I’m a community organiser and a coalition builder, and I have been for most of my life. I got involved in social justice because I was taught those values by my family.”
Amanda has had an extensive career in and passion for community organising and broad-based coalition building, driven by the desire to see all of humanity thrive. The array of projects that she has been involved in over the years is astounding, and she continues to learn and adapt new strategies that empower local communities. Amanda co-founded GetUp.org.au, Australia’s most successful digital advocacy organisation with over 1 million members. She also founded and ran the Sydney Alliance for nine years.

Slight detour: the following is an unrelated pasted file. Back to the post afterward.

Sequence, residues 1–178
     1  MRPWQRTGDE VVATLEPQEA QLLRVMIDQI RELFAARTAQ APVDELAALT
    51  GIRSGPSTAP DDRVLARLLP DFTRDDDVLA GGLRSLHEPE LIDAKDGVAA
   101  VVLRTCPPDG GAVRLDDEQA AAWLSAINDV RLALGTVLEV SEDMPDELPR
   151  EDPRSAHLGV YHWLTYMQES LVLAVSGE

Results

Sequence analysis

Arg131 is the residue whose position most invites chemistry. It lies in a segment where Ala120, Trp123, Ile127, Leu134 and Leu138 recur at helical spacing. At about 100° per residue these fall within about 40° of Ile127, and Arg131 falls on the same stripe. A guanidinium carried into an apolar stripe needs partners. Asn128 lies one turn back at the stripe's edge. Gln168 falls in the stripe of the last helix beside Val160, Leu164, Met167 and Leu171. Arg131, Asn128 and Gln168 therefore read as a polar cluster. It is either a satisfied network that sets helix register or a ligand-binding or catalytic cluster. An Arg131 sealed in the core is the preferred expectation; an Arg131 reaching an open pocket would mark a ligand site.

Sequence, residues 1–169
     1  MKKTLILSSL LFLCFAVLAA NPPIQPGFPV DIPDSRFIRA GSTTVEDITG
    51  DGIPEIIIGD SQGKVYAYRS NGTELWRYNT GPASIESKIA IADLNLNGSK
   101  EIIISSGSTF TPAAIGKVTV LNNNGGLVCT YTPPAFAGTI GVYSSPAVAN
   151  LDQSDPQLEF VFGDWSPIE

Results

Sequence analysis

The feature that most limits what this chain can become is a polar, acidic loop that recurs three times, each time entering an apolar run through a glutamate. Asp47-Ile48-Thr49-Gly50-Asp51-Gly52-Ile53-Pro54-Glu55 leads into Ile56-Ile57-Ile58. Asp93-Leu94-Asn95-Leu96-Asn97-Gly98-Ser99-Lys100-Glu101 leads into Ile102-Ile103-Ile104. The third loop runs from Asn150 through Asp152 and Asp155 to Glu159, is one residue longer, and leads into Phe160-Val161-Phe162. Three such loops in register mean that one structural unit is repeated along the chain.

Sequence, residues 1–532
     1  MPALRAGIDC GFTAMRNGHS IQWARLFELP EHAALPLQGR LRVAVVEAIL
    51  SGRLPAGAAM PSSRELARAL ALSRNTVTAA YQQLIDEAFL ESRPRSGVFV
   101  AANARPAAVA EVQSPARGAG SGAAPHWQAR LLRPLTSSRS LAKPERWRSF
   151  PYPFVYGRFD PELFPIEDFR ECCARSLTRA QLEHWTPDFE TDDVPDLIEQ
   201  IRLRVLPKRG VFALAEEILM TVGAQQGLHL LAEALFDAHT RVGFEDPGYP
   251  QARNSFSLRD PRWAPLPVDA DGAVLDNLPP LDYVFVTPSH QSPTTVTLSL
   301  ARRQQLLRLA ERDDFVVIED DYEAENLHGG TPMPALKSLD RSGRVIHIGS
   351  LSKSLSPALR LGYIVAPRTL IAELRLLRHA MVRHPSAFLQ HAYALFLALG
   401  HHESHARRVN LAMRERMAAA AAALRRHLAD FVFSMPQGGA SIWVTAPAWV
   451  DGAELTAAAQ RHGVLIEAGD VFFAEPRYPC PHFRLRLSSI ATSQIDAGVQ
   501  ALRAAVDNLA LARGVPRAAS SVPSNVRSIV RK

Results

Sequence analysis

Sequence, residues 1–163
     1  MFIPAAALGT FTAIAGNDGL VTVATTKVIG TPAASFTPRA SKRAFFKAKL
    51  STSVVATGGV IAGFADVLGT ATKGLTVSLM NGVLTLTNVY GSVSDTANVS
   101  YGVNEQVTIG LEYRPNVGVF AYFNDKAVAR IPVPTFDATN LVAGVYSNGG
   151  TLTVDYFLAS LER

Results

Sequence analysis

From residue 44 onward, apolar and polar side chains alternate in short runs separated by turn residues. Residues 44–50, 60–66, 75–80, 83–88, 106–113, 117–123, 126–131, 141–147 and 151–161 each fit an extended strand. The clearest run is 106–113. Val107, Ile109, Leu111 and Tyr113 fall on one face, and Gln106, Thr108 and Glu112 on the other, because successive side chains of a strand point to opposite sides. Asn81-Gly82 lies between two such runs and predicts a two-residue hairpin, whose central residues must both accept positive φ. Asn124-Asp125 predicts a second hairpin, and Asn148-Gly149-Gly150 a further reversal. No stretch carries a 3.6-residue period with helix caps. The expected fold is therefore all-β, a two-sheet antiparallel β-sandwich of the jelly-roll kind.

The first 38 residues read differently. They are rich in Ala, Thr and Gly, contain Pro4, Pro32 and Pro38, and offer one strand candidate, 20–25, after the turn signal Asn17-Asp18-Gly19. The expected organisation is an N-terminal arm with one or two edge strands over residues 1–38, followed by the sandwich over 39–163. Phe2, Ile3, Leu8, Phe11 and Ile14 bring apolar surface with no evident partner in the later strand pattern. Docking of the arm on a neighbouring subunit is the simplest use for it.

Today she is an Associate Professor and leading Research and Education at the Sydney Policy Lab, University of Sydney, and Host of the ChangeMakers Podcast. We at Better Futures Australia wanted to know more about Amanda’s motivations to drive ambitious climate action and the exciting work she’s leading.
I learnt how to do community organising when I was a university student. While many people cared about global warming, it wasn’t actually front of mind.”
Just after she graduated there was the threat of the Iraq War. At the time she worked at Unions NSW and she went into full swing at the time.
The thing that has always captivated me is the question of how we achieve change.”
She described how Australians put so much energy behind changing the government’s stance on the war in Iraq, but that aim was ultimately unsuccessful. Experiencing that disappointment made her want to understand how coalitions can successfully instigate change, and so she decided to undertake research on the topic. You can watch her podcast on this here.
It’s not that the issues aren’t winning, but the methodologies that sat behind the ambition weren't working.”